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Roger Federer Reveals How the SABR Return Was Born

Ivan Pasquariello - 9-05-2015 - View: 459686

Tennis - Roger Federer revealed how his SABR return was invented and when it was born. The Swiss also talked about his next match up against Isner


Roger Federer advanced into the 4th round of the US Open after beating Philipp Kohlschreiber in straight sets. The Swiss once again came very soon after to press, possibly keen to use the good weather in New York to organize a family day.

Speaking to the media, Roger also told the story of how his SABR return was born in Cincinnati. SABR stands for Sneaky Attack By Roger for those who didn't know it yet, and consists on the Swiss moving forward close to the service box to hit the return as soon as the ball bounces to then take the net and close with a volley. It is an aggressive version of the commonly known Chip & Charge

Roger revealed the story of how the shot was born in Cincinnati to the media in New York.

"So when I arrived in Cincinnati, I arrived, I don't know what time it was, maybe after lunchtime, and then I went for a hit. It was Benoit Paire. He had like an ear problem. I was tired from jet lag. We were tired and practicing on center court, which was great.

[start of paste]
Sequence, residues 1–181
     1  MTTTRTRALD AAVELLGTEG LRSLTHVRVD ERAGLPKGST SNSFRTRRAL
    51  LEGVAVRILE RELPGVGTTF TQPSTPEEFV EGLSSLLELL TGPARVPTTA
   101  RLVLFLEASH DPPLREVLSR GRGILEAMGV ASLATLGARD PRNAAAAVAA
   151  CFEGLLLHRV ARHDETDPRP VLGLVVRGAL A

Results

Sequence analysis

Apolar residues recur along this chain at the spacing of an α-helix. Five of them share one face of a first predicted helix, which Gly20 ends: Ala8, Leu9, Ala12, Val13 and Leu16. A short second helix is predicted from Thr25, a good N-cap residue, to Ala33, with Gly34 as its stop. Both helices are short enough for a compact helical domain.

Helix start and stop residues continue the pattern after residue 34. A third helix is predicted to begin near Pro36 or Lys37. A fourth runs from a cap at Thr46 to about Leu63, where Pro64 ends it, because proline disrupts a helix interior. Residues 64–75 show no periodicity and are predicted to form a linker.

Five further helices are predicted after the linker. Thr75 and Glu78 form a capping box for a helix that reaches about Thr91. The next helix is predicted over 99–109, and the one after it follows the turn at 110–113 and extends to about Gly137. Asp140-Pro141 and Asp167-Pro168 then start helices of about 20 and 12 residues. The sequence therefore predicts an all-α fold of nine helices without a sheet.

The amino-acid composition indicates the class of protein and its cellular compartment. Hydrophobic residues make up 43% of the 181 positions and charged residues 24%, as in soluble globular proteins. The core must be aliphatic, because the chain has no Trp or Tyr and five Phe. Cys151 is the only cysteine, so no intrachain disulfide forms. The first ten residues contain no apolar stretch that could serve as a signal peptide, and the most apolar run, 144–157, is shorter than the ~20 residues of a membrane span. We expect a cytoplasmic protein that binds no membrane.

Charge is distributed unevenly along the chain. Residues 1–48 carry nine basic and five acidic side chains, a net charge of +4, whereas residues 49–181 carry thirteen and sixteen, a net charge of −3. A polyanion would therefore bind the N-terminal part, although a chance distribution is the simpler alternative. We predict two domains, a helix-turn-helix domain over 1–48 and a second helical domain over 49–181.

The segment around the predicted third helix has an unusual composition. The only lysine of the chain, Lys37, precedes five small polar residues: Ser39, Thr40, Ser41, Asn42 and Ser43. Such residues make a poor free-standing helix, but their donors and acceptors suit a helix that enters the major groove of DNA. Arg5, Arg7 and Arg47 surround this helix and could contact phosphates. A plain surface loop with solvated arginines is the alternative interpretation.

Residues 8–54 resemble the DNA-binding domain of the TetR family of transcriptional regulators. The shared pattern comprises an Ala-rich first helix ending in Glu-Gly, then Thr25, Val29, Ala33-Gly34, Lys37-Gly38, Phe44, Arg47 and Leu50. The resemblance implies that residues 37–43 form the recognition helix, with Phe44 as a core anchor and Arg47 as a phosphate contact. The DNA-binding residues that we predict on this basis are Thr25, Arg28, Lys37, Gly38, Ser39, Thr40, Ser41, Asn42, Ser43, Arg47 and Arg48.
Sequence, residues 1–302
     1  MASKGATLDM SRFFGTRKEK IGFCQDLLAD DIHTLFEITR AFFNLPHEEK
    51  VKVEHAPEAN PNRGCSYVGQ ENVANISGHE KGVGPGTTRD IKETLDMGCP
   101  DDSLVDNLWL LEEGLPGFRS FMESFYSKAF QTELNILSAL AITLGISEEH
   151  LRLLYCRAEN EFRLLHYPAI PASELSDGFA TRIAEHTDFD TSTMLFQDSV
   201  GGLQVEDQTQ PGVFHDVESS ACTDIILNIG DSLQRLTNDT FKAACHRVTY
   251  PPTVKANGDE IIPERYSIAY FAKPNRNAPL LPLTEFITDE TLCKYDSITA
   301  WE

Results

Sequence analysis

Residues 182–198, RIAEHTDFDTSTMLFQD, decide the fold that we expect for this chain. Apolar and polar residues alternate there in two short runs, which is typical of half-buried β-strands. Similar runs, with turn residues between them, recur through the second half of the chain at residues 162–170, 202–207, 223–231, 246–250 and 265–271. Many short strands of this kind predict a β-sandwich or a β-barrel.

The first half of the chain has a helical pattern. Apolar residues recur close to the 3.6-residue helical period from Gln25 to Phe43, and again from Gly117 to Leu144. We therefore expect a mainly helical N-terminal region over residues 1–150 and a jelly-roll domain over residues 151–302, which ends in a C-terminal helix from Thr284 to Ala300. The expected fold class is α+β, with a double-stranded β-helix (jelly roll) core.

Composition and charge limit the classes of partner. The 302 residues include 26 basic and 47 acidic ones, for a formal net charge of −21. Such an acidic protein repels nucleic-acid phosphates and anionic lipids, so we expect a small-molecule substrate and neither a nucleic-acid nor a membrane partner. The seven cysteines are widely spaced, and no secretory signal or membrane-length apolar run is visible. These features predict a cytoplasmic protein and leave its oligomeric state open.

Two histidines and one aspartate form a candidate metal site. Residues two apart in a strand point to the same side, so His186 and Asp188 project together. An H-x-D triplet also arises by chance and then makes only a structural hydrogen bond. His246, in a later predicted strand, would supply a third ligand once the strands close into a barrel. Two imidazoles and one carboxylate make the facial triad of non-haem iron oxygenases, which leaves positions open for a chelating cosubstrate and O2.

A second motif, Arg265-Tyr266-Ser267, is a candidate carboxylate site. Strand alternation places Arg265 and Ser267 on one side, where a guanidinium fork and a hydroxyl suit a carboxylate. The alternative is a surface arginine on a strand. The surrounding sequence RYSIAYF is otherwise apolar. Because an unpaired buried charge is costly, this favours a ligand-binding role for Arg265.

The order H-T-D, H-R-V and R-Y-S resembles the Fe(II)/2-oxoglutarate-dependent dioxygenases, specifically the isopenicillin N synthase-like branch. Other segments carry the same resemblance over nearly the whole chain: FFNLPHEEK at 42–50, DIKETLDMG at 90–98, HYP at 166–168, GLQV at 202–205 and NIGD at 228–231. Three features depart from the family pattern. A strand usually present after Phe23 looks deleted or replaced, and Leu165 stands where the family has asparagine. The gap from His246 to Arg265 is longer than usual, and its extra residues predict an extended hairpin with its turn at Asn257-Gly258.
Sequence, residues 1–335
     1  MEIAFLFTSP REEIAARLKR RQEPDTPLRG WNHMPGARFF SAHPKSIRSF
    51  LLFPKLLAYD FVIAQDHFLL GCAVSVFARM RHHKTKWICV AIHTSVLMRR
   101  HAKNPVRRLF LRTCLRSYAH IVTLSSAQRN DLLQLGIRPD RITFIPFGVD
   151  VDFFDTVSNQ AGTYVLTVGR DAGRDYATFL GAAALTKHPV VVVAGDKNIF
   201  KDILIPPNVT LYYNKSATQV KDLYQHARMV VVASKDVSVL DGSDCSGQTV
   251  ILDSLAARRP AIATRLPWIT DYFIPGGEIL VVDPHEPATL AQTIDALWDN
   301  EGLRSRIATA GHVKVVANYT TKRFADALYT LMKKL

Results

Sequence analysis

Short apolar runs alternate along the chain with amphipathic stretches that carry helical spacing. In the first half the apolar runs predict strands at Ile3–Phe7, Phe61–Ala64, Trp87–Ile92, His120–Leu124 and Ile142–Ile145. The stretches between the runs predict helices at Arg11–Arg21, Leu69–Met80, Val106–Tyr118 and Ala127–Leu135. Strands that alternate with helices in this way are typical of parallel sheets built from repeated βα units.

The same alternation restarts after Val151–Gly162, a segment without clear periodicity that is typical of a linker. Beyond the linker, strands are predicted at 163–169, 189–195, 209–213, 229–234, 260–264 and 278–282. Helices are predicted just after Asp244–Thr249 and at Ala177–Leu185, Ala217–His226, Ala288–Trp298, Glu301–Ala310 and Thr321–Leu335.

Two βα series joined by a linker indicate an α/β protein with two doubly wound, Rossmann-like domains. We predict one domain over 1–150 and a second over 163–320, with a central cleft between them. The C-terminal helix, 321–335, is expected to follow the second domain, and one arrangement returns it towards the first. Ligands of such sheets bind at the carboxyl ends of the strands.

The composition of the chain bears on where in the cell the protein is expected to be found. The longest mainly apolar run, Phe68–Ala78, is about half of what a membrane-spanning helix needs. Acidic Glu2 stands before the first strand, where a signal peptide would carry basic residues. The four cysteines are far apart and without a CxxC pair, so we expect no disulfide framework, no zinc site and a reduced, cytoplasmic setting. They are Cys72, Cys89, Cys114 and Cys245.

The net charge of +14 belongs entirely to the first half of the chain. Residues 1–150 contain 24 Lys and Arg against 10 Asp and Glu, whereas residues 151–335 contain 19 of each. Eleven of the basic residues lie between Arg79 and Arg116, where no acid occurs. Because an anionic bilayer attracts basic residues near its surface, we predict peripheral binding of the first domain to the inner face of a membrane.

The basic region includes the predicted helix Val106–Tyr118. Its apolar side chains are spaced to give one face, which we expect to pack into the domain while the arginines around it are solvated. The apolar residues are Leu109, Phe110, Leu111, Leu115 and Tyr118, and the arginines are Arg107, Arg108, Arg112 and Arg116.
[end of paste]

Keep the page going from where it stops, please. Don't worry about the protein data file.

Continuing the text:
It was on a Saturday or on a Friday I don't remember. I had a chance to hit the court for at least one hour.

But that time I was very tired and he was tired, and at the end we said, Well, let's still play some games just because it feels like it's the right thing to do.

I was going to stop already, but Severin told me to play a few games to get used to the conditions. I said, Whatever. Let's play some games.

And, yeah, at the end we were just kidding around almost, and that's when I said, Okay, I'm going to chip and charge and just keep the points short. I'm tired. I want to get off the court soon anyway. That's when I started to run in and hit returns. I hit a couple for a winner. They were like ridiculous. He laughed, I laughed, Severin laughed.

Then I did it again in the next practice just to see if it actually would still work again. Then I tried it the next practice and it still worked. That's what Severin said, Well, what about using it in a match? I was like, Really? (Laughter.)

So he pushed me to keep using it and not shy away from using it on big moments, and not just because you don't know how you look with a full stadium. He was actually the one who pushed, you know, pushed me to it.

And because we were always talking about that tactic, as well, we sort of came up with that name, you, know, sneak attack by Roger, ^ saber. I don't know. Call it Fed attack, call it whatever you want, but I thought it was kind of funny.

And, yeah, today again it worked a couple of times. I didn't get that many second serves when I thought I could use it, but moving forward it's an option. Clearly I'm very happy it worked so well in Cincy."

IN THE NEXT PAGE ROGER TALKS ABOUT JOHN ISNER ---->



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